The series includes two salted paper prints and several albumen photographs of Civil War relief camps in in Pennsylvania, Virgina and North Carolina, including some by noted Scottish hotographer Alexander Gardner. Many of the images are similiar to or duplicates of those that appear in Bradley's record book and journal of her time with the U.S. Sanitary Commission (see the Bound Volume series). There are also images of a Maine residence and the Tileston Normal School, founded by Bradley in Wilmington, N.C., and portraits of Amy Morris Bradley.
Two 1863 color lithographs are of Federal hospitals near Alexandria.
Alphabetical within subject groupings (Civil War, Wilmington, portraits).
Amy Morris Bradley was born in East Vassalboro, Maine on September 12, 1823, the youngest of several children. In 1840, she began work as a school teacher, first in her hometown and later in Charlestown and East Cambridge, Massachusetts. After several years of suffering from respiratory illness, she elected to leave New England in late 1853 for San Jose, Costa Rica, where she served as a governess and teacher. She established the first English-langauge school in Central America and taught there for three year, returning to the states in 1857 when her elderly father fell ill. After his passing she relocated to the Boston area where she served as a translator.
The day after the first Battle of Bull Run, on July 22, 1861, Bradley wrote to George Brickett, the acting surgeon for the Third Maine Regiment, volunteering her services. She began employment as his field nurse in late August 1861, and by October was serving under him as matron of the regiment for the Fifth Maine. The following spring she joined the U.S. Sanitary Commission, serving on transport boats and later running a home for invalid soldiers in Washington, DC. From Decemer 17, 1862 to September 12, 1865, Bradley served as a special relief agent at the Convalescent Camp in Alexandria, Virginia. She served for the entire life of the camp, arriving before the barracks had been erected and remaining until the hospital was decommissioned.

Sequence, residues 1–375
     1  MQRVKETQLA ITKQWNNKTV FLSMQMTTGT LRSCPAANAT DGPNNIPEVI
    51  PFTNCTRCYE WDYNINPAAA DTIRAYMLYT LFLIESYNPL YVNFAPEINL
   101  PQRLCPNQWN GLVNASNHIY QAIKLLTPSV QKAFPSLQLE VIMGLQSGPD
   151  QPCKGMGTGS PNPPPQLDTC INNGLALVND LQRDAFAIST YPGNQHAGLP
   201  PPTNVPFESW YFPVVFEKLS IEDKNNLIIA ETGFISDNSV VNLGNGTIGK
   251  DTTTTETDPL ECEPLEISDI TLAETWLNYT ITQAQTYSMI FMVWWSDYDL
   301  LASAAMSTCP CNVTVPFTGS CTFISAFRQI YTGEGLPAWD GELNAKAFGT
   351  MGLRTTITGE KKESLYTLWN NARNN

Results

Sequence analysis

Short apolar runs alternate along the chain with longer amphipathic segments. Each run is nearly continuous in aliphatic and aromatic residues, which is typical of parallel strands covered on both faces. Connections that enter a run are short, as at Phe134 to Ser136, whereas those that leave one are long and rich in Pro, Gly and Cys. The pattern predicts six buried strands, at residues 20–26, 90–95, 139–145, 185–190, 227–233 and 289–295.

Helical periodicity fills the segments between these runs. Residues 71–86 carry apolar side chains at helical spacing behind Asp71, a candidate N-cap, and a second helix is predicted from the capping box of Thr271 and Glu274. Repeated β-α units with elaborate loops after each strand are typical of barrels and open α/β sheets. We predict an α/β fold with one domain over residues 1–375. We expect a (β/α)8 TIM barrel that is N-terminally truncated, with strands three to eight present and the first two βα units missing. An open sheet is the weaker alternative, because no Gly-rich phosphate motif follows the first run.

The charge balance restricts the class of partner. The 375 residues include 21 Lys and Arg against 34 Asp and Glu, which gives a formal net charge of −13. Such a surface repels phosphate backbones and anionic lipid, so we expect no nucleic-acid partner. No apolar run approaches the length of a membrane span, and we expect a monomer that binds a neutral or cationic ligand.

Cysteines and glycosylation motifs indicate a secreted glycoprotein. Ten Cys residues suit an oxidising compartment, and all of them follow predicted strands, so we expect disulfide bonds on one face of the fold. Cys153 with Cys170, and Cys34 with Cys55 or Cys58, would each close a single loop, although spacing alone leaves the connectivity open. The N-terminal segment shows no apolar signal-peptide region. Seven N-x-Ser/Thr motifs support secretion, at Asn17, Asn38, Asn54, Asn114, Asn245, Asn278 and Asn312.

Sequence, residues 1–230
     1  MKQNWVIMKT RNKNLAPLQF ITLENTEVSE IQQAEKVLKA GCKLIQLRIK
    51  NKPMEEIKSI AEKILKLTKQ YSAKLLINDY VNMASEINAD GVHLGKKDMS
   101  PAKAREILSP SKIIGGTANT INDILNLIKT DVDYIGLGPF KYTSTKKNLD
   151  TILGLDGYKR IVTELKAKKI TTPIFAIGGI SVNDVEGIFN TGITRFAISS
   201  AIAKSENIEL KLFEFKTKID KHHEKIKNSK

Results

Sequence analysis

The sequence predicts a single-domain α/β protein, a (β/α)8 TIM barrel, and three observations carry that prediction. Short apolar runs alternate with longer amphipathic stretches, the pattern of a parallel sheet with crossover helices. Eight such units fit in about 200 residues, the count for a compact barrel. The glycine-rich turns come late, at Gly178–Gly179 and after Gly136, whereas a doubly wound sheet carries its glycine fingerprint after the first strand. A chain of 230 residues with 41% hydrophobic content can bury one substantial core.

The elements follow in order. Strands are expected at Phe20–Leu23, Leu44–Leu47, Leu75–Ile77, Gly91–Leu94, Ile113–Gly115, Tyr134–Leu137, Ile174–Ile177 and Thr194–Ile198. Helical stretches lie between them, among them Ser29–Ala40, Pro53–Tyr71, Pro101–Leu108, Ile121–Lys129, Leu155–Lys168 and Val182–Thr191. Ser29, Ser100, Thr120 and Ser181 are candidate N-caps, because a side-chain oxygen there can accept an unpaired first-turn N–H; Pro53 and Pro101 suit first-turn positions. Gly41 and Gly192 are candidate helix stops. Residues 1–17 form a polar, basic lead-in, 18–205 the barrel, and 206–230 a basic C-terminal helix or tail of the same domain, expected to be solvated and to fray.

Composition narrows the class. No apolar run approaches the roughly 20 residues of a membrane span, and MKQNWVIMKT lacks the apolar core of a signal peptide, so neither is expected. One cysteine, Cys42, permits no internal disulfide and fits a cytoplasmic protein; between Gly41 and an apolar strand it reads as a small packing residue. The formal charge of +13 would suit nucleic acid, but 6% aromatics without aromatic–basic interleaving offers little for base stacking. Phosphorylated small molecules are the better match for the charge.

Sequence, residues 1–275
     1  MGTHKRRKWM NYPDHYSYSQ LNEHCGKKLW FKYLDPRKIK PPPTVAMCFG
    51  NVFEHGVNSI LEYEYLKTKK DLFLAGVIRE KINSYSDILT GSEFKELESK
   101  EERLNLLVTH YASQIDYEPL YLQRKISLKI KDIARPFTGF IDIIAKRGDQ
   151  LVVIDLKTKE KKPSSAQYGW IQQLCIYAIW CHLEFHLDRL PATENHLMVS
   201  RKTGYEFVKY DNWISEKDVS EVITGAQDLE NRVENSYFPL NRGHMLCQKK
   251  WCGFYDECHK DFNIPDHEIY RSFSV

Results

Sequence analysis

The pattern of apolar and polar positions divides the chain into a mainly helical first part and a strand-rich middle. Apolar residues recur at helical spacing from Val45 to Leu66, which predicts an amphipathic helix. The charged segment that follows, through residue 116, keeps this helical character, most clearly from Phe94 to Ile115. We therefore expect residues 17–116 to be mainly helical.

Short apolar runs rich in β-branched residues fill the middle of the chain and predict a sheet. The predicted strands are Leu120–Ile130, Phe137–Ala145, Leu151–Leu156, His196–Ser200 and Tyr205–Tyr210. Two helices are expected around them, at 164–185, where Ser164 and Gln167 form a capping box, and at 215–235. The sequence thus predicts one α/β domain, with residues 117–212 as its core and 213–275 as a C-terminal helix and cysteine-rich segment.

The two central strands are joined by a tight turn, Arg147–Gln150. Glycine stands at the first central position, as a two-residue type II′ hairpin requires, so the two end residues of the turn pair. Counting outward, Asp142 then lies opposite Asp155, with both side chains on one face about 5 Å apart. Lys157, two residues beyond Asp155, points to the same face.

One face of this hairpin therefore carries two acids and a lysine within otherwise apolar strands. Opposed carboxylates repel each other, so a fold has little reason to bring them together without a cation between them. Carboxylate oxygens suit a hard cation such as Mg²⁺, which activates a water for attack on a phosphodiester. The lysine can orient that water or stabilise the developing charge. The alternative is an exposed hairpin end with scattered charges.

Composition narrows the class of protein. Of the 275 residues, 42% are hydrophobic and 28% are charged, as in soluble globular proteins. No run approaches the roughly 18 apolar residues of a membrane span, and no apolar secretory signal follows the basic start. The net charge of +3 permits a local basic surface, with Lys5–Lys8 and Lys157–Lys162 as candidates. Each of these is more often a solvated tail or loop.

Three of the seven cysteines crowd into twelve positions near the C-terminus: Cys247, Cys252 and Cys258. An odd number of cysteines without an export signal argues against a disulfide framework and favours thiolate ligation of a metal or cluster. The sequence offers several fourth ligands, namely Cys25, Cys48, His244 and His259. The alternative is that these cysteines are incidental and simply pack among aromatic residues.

Following the war, the Soldier's Memoiral Society and the American Unitarian Association recruited Bradley for missionary work in Wilmington, North Carolina. Once there, she determined the greatest need was for a school for poor white children, which she opened in January 1867 to three children. Within a week, more than sixty had enrolled. Bradley founded a number of schools over the next few years. Within five years, Bradley with support from Boston philantropist Mary Tileston Hemenway raise the funds necessary to construct a modern school building. Opened in 1872 and known as the Tileston School, this was the first free public school in Wilmington. Bradley continued to teach there 1891. She passed away on January 15, 1904 in her small cottage located on the school's grounds.
- Bradley family
- Gardner, Alexander, 1821-1882
- Hemenway, Mary
- Sellers, David
- Soldiers' Memorial Society (Boston, Mass.).
- United States Sanitary Commission.
- United States. Army. Maine Infantry Regiment, 3rd (1861-1865).
- United States. Army. Maine Infantry Regiment, 5th (1861-1864).
- Costa Rica -- Description and travel
- Education -- Maine
- Education -- North Carolina -- Wilmington
- Salted paper prints
- Schools -- North Carolina -- Wilmington
- Soldiers -- Correspondence
- United States -- History -- Civil War, 1861-1865 -- Medical care
- United States -- History -- Civil War, 1861-1865 -- Pictorial works
- United States -- History -- Civil War, 1861-1865 -- Women
- Wilmington (N.C.) -- History
- Women -- Diaries
- Women -- Photographs
- Women in education
- Women in medicine
[Identification of item], Amy Morris Bradley Papers, David M. Rubenstein Rare Book & Manuscript Library, Duke University.
The Amy Morris Bradley Papers were received by the David M. Rubenstein Rare Book & Manuscript Library as a purchase between 1970 and 1981.
Processed by: Kat Stefko, September 2012